Before the panel, Chris and Sandy and Alan and Ted and I were sitting together, having breakfast and chatting.
Chris asked each of us for a tidbit of personal info he could use in the introductions. I told him I put the first TV series on the internet. Alan considered for a moment and finally said, “just try not to use the word blog while introducing me,” because once you’re labeled a “blogger” it brings up certain associations and stereotypes that can be hard to overcome. A consummately reasonable request.
Shortly thereafter, the panel got underway, and Chris introduced us down the line. Sandy showed the new video from levees.org, which you should definitely watch. When Chris made his introduction of Alan he said, “OK, and now I’m supposed to introduce Alan Gutierrez without using the word ‘blog.’ Except, oops, I just did.” He proceeded to use the the word “blog” once more during his introduction, and then he let Alan say a bit about himself. When Alan made a passing reference to blogs, Chris interrupted to say, “You just said the word ‘blog.'”
I was up next, and when I said the b-word Chris interrupted me to say, “You just said the word ‘blog.'” Then he said it was OK for me to use the word, and I did so with reckless abandon.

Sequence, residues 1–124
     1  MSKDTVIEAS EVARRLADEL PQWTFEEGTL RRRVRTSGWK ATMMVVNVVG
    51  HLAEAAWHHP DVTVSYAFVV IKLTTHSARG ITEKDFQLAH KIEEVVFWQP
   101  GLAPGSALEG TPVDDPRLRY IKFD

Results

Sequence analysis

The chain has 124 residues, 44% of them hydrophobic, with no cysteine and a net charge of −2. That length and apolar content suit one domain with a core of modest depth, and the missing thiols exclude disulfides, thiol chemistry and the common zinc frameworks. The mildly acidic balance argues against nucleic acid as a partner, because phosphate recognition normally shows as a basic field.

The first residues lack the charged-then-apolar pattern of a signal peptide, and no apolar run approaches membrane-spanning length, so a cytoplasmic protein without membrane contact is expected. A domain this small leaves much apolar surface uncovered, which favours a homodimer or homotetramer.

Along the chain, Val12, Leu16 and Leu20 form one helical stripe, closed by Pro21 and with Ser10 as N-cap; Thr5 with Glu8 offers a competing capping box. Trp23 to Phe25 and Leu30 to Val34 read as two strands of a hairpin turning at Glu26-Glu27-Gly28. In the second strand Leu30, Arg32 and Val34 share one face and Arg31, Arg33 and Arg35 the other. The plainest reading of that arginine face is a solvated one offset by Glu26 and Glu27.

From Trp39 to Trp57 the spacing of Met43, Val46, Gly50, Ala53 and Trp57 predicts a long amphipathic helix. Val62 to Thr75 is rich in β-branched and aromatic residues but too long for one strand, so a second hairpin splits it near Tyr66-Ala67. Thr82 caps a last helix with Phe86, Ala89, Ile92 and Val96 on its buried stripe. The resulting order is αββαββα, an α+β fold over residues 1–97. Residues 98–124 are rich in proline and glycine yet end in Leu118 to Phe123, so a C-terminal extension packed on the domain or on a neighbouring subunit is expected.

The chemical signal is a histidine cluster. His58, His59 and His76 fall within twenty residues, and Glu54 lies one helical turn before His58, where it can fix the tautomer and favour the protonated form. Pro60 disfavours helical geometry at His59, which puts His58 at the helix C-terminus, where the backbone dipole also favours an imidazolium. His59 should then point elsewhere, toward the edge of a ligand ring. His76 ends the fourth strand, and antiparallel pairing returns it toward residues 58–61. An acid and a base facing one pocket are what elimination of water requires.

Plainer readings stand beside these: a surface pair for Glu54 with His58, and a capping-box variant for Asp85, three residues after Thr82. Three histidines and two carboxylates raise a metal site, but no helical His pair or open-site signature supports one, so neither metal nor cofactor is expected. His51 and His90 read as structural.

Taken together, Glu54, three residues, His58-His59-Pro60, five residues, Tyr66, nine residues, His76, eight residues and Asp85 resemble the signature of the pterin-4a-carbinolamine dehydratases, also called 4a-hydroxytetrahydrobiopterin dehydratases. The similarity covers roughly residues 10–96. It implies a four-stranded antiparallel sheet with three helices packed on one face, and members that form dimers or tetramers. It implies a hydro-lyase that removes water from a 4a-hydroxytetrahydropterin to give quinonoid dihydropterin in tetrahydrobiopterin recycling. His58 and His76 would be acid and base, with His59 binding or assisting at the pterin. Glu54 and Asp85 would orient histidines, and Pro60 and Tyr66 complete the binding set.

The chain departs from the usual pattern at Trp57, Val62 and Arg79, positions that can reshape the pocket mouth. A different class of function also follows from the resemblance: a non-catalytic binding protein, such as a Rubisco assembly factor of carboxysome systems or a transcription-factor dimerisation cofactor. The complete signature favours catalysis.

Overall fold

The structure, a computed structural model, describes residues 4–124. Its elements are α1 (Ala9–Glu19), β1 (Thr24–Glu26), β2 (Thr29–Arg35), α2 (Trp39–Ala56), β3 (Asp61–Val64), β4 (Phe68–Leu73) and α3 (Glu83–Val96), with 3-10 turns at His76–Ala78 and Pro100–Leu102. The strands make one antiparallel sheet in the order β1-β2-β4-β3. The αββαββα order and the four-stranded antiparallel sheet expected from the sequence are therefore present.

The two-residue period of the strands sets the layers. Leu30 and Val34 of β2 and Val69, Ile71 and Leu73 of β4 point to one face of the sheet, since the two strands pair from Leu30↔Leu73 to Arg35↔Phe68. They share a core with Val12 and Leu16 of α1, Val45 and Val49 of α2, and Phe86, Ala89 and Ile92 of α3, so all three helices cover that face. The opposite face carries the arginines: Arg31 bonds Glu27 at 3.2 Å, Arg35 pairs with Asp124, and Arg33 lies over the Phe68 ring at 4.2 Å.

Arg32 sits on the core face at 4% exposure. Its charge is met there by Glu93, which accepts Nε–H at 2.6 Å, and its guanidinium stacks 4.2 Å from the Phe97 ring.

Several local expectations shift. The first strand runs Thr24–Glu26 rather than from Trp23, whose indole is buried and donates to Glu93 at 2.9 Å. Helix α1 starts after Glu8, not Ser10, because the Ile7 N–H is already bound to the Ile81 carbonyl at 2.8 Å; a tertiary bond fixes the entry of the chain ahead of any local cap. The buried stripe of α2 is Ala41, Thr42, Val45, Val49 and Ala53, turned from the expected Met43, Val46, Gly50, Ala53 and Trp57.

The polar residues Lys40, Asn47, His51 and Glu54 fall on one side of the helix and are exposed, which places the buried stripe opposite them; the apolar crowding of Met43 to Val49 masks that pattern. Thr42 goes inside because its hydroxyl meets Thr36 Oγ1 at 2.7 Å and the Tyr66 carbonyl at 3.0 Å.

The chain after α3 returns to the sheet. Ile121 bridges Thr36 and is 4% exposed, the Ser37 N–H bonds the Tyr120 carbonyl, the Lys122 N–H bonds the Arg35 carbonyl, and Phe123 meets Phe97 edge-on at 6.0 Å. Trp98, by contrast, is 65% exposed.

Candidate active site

If I was Alan, I guess I would have felt pretty annoyed. Still, I couldn’t help being amused, against my better judgment.
There’s a more comprehensive write-up of the panel at Alan Levine’s Cog Dog Blog.
Other highlights included Nick Spitzer‘s opening address which made the connection between creativity and creolization; a presentation on webcomics by Ruben Puentadora; Alan Levine’s 50 Web 2.0 Ways to Tell a Story; Joe Lambert‘s presentation on storymapping; and Michael Mizell-Nelson’s closer on the Hurricane Digital Memory Bank.
But mainly I’m glad to have finally connected with the New Media Consortium. My old boss urged me to check them out some time before Katrina, but after the storm I was preoccupied. My typical complaint of conferences and organizations is that they tend to be either too academic or too commercial to be relevant to what I do. But the NMC seems to be more or less in the zone.
Oh, and I also met Chris Wood, the distinguished author of Prytania Waterline.